Net neutrality may be on the way out. At a trial Monday between Verizon and the FCC, judges appeared ready to side with the telecommunications giant and strike down the FCC’s network neutrality regulations. Two of the three judges appeared to indicate that they didn’t believe the FCC had the right to stop internet service providers from discriminating against websites.
The crux of the matter comes down to how internet service providers are classified. The FCC classifies broadband as an information service rather than a telecommunications service. The FCC has much broader powers in regulating a telecommunications service. In theory, even if they lose this case, the FCC could reclassify broadband providers and bring back network neutrality. However, such a move would cause political backlash from Republicans, who oppose net neutrality.
If net neutrality is struck down, Verizon will be able to charge web companies for faster service over their lines. Such a tactic would cost big companies like Google, Facebook, and Netflix a lot of money. The bigger downside is that it would create a tiered internet, where the big sites could afford to pay for faster speeds and smaller websites would be left behind. It would essentially end the level playing field that the internet has always represented.
In an ironic twist, Republicans oppose net neutrality because they view it as a government attempt to control the internet. They would rather let the free market regulate the net.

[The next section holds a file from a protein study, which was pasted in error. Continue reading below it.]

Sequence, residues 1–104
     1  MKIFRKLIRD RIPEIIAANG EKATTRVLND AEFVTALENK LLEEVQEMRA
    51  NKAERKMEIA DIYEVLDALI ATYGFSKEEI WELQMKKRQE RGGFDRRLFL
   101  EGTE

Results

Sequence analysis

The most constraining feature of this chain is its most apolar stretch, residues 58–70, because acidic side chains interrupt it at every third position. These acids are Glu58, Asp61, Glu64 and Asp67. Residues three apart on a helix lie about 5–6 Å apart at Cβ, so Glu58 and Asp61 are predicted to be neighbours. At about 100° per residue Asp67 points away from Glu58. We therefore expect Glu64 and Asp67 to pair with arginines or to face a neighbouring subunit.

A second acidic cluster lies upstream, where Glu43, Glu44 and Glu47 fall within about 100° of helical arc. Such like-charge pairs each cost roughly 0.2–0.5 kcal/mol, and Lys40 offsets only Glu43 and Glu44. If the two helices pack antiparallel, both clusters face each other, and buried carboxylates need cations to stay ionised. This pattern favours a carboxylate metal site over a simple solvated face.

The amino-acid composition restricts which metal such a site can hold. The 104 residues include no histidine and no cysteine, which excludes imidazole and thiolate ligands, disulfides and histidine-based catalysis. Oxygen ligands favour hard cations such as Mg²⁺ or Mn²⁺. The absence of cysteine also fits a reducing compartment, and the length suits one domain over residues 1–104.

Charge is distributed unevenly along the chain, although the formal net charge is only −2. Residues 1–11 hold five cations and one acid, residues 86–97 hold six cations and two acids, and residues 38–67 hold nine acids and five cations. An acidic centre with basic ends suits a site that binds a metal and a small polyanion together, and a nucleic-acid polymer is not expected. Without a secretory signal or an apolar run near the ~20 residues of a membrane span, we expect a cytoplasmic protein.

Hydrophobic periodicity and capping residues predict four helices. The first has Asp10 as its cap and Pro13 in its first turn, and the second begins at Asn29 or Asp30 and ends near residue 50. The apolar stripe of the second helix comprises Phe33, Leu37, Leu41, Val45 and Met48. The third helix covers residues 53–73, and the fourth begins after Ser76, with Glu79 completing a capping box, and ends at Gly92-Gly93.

The problem of getting rid of net neutrality is magnified by the fact that only a handful of providers control all of the broadband access in the US. All of the big providers oppose net neutrality, and would likely move to a tiered system like the one Verizon claims it will implement.
The internet has been under attack in recent years from all angles. Government surveillance, long thought to be a problem in 3rd world dictatorships, has been revealed to be present on a large scale in the US. The US Congress has taken shots at the internet as well through legislation like SOPA.
The killing of net neutrality would dwarf all of those problems. One of the core strengths of the internet has always been the level playing field. By charging more for faster access, ISP’s could prevent the next big thing from ever making it. Imagine if Google had been developed in a time without net neutrality. Could it have possibly competed against more established and better financed companies like Microsoft and Yahoo? Imagine Facebook trying to compete against a News Corp backed Myspace. Those sites have gone on to become some of the most popular on the internet, but without the level playing field created by net neutrality, they may have never gotten off the ground.